In one of my previous blog posts, I mentioned that I'm generally a pretty positive person. While we can't control what happens to us, we can control how we handle things. In that regard, I try my best to be positive and see the good side of things most times. This blog post will not be one of those times...
Peter Lik. Just saying the name will usually draw an emotional response. To his fans, Mr. Lik's work represents the apex of landscape photography. To them, his vibrant images are the work of a true master. Mention the name in any type of forum that takes landscape photography seriously and you will get a much different response. To these people, his work is an abomination of fake color and overzealous marketing.
I tried my best to stay away from either extreme. Sure, his work wasn't my style. As I have grown as a landscape photographer, my tastes have migrated to a more realistic representation of nature. Some of Peter's earlier work qualifies as realistic, but not much that he has produced recently. His marketing skill, however, is second to none. Since I am deficient in this area regarding my own work, I always admire people who are superior in this field. As I am typically a laid back person, I also admired his enthusiasm when speaking about photography. Besides, hating on Peter Lik would make me seem jealous, and I am most certainly not jealous of Mr. Lik.
That all changed last week when the New York Times released an article on Peter's work detailing his recipe for success (link here). A photographer I follow on Twitter linked the article, and I opened it expecting to hear about his recent $6.5 million print sell. What I got was an alpha douche waxing poetic about himself (and his sexual conquests).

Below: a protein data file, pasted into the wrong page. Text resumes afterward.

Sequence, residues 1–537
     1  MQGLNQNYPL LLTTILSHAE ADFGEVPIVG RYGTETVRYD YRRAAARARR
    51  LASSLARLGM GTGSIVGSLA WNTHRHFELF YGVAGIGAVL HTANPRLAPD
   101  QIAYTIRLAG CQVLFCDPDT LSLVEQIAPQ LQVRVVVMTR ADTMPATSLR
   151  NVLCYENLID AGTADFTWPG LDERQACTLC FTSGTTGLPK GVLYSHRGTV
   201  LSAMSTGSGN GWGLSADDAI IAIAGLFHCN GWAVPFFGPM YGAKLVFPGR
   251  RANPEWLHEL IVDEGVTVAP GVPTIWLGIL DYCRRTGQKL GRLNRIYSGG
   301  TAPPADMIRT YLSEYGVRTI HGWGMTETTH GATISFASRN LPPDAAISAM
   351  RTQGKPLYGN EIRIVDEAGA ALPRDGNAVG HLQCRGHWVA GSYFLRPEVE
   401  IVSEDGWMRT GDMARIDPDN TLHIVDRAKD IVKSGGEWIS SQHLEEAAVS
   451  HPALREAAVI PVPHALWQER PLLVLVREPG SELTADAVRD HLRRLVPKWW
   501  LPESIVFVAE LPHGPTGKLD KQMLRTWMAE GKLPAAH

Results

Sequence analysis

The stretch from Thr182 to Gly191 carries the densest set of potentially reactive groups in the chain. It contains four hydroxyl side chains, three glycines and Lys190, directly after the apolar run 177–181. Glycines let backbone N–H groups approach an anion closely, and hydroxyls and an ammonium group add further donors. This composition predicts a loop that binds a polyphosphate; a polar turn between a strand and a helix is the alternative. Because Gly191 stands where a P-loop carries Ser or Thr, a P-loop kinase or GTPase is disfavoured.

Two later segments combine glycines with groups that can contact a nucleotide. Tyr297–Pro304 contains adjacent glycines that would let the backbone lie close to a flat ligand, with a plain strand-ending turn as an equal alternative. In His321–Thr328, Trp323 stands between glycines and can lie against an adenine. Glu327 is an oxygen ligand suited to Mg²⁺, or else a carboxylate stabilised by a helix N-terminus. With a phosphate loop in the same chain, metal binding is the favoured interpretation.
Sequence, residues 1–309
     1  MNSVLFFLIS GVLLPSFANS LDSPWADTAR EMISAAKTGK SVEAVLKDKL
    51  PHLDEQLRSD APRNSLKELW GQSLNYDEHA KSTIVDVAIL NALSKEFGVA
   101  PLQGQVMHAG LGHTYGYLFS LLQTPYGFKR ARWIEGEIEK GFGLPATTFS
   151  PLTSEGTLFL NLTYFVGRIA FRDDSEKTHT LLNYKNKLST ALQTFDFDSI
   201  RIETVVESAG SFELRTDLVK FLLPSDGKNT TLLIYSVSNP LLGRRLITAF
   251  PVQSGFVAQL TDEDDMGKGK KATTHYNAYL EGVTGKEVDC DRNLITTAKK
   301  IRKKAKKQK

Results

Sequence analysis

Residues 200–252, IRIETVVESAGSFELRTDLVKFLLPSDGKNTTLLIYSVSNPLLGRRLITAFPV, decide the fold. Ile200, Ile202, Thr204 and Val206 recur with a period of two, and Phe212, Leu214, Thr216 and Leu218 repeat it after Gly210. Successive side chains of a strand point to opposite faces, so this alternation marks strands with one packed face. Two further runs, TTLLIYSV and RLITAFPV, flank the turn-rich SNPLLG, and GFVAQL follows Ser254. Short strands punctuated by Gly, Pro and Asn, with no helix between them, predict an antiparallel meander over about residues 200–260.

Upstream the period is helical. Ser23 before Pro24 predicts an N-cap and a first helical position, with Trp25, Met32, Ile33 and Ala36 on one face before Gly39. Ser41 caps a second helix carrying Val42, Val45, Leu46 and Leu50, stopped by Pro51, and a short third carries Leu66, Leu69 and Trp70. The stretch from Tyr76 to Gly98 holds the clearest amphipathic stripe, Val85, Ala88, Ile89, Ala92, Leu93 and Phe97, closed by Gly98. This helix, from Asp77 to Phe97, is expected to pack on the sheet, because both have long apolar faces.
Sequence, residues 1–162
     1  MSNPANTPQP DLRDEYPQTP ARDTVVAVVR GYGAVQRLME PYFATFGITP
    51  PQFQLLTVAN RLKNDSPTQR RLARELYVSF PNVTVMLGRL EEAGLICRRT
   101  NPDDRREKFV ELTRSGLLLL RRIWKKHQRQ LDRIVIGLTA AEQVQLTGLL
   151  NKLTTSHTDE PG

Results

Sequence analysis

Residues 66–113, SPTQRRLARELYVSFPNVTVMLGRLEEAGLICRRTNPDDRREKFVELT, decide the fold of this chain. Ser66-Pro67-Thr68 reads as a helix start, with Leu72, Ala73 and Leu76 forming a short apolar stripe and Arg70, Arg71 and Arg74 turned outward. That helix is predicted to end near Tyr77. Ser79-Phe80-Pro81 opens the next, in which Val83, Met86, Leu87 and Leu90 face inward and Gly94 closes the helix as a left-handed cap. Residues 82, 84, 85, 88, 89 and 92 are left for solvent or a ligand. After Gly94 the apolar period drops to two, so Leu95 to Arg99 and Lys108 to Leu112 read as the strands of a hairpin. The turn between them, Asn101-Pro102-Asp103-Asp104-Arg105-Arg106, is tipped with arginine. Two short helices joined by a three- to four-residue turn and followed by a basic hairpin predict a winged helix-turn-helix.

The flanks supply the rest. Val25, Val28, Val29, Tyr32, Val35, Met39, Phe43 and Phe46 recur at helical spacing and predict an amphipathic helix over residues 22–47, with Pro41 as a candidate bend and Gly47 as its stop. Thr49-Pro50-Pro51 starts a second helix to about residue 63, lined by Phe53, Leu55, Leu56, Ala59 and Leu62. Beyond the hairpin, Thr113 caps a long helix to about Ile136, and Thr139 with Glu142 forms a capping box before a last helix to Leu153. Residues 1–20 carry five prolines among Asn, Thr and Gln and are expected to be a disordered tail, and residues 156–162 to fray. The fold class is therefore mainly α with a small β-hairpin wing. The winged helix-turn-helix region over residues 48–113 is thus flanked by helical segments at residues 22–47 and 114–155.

Then he did the unthinkable...he insulted Ansel Adams.
NOBODY INSULTS ANSEL IN MY PRESENCE AND GETS AWAY WITH IT!!! Therefore, it is now Peter Lik rant time; this has been a long time coming.
Let's start with an anecdote from one of your peers, Mr. Lik. I was speaking with a fairly large "name" in the landscape photography world once, and we got on the topic of famous prints. This photographer of course had many, and me...not so much. I did have one story with an image of mine getting a VERY, VERY small amount of exposure. (And believe me, I cannot emphasize how small my "famous" image was. A few years back I entered an image into Popular Photography's Reader's Contest. Of course mine didn't win; ironically Peter Lik won that year. However, the next year Pop Photo used my image, uncredited, to promote that year's contest. When you clicked on my image, it went to a page containing Lik's winning image...) After telling this story, this photographer said, "First of all, you're pronouncing it wrong. It's Peter Dick."
There was absolutely no trace of professional envy in his voice or demeanor. He was giving his honest opinion; as it turns out, it was a highly accurate opinion.
Second, let's talk about his work. At one point it was what I consider to be good landscape photography. Beautiful scenery with maybe a bit of extra saturation. Not really a problem for me; after all I do shoot Velvia. That photographer, though, is long since gone. The first time one of his images offended me (and yes, I actually mean offended me...as in I was angry at what my eyeballs had just experienced) was when I saw "Bella Luna." (Did the Google work for you here.) Look closely; when is the last time you saw the moon IN FRONT OF THE CLOUDS?!?! If I ever see that, something in my life has gone horribly wrong. And why is the sun setting on the same side as the dark side of the moon??? And to add further insult, there was a time where this was presented as a single exposure (although that information has since been removed from his website). I once tweeted that this image made "Lone Wolf" t-shirts on Amazon look good. I stand by that statement.